How do I do this? And how do we do this as a family? A few actions that work for us:

  • I always manage to find some time during the day for absolute quiet, where I can have time to sort my thoughts. Or just take a few deep breaths. For Z, it’s nice to not have a lot of stimuli around for a few minutes and just let her talk. Sometimes the best we can do is the car ride home from daycare. I’ll turn down the radio and ask a few basic questions, and let her think without expecting an answer. What did you do at school? Did you play with the teacher?
  • A huge one for me lately has been physical activity. Exercise clears my mind, and those endorphins make me feel great. We try to encourage physical activity with Z as much as we can. When winter limits our options, we take her to different play areas at different malls, or even fast food places. Give that girl a slide and some space to run, and she’s happy as a clam.
  • Finally, there’s bedtime. This ritual usually ends with us snuggling, watching the night light, and Z talking to herself, and me singing a few nursery rhymes. Her voice is the furthest thing from noise to my soul (except at other times of the day when it’s screaming or whining, then I want to pull all of my hair out SERIOUSLY), and sometimes I’m lucky enough to listen to her happy jabbering fade into deep, sleepy breaths.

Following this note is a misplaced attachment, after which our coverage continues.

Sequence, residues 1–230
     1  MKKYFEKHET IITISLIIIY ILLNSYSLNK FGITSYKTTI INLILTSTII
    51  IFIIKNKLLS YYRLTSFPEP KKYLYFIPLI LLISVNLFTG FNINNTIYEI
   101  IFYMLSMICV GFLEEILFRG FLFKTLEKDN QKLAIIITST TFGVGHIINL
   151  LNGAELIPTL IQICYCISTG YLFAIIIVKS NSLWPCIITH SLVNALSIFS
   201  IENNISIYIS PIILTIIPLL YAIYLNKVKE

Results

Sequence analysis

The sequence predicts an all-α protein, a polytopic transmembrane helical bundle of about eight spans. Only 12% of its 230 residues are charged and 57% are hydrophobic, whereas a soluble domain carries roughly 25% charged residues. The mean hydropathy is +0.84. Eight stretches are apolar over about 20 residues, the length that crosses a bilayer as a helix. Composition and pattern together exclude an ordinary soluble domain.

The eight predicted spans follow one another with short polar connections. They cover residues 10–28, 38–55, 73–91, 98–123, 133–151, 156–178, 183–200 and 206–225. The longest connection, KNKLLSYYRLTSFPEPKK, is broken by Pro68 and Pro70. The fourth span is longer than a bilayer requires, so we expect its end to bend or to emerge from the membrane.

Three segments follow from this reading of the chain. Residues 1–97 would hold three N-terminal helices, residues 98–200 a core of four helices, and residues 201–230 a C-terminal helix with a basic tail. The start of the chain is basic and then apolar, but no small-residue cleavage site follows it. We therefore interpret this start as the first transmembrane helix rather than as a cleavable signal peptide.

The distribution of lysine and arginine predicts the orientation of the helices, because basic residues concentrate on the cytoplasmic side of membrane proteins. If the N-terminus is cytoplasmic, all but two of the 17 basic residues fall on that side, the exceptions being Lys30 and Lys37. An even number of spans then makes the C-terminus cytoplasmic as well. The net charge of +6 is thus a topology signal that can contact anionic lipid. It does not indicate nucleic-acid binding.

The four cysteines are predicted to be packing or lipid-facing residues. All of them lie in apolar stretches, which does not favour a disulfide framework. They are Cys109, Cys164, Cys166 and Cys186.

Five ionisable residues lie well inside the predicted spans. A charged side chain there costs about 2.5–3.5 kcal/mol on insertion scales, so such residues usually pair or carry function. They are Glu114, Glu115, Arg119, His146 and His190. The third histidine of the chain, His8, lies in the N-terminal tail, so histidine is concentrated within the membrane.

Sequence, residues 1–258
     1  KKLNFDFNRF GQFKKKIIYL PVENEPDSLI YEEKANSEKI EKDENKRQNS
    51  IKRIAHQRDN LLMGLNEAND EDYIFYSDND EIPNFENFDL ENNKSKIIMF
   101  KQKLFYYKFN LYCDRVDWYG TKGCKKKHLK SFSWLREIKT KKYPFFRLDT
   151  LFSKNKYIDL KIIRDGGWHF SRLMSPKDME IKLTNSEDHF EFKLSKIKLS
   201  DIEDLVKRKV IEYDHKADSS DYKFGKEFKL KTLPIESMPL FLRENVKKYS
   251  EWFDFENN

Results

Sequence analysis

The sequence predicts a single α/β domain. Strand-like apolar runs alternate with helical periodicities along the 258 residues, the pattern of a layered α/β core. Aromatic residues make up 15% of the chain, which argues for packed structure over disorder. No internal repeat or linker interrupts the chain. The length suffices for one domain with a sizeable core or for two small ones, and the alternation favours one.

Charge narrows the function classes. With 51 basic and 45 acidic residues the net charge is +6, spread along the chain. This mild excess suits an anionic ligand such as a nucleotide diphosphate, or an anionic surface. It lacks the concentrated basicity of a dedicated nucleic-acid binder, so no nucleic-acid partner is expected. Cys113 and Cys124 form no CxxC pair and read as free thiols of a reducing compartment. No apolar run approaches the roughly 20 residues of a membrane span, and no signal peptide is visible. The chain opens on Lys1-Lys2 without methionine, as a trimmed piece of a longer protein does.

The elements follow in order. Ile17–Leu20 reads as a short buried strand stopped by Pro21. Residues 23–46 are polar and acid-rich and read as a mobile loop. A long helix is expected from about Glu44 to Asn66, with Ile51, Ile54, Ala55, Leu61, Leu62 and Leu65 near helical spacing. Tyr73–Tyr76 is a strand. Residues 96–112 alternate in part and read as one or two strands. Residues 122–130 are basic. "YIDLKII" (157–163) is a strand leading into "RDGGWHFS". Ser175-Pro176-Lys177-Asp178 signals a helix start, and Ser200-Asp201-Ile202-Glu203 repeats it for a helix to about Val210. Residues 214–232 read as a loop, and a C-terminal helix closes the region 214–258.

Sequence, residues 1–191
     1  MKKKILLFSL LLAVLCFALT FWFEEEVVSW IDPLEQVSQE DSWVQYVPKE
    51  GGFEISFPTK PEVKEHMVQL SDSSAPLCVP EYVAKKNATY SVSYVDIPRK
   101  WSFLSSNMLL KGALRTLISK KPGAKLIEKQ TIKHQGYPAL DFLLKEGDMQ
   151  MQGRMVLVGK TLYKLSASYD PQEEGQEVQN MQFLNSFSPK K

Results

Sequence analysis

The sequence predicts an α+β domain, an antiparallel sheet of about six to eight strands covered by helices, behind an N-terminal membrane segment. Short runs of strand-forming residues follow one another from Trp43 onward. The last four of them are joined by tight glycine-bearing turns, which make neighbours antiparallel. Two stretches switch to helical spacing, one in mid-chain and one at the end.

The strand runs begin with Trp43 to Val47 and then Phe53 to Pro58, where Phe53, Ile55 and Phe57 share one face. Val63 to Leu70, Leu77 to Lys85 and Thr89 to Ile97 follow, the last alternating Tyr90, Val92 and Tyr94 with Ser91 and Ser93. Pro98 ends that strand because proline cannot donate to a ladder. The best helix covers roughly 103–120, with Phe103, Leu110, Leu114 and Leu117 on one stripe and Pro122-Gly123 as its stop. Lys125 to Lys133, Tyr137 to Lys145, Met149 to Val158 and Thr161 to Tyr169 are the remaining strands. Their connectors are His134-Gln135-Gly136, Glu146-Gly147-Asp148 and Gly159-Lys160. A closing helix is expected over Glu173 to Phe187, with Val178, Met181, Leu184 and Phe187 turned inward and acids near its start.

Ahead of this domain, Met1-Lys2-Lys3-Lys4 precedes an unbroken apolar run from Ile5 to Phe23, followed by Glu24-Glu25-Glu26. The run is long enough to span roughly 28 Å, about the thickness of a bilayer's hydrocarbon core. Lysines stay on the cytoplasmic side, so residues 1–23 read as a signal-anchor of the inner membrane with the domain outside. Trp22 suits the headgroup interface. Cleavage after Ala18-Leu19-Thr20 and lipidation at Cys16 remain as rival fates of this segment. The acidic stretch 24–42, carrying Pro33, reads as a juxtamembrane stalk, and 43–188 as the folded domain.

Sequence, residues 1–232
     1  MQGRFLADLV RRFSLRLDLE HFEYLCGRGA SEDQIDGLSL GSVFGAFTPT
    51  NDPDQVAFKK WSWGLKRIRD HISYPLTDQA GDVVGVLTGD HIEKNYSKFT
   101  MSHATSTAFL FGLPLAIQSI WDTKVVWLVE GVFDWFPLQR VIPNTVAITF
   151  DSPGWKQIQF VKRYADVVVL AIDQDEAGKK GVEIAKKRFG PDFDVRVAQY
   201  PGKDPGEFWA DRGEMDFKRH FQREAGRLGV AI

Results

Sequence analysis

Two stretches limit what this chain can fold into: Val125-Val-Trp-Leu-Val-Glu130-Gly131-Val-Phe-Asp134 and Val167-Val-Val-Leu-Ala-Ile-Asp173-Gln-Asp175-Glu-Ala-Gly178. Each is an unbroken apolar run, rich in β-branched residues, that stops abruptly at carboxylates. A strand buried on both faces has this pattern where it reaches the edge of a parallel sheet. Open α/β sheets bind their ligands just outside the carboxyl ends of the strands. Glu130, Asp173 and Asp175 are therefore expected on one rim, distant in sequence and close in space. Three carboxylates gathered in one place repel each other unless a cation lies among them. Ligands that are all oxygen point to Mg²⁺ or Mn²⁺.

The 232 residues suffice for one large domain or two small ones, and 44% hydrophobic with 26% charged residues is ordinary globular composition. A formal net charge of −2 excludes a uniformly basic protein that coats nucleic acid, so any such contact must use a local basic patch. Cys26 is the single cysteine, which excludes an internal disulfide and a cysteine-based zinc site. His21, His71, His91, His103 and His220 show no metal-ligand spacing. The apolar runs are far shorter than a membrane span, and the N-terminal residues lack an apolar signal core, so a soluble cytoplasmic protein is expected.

There are things that a lot of parents also do: enable actual internet filters, set timers on screen time, help count to 10 during a meltdown/tantrum. Those are definitely helpful, and kudos to all parents doing what works for them. I do other things on my own, as well: Find time to read, limit time on the internet; limit news consumption. It’s nice to find moments to breathe, to appreciate beauty in its many forms, to be able to separate the noise from the music. These moments help me to focus even more on what’s important, to tune in to clearer frequencies.

You Can Skip This, Too.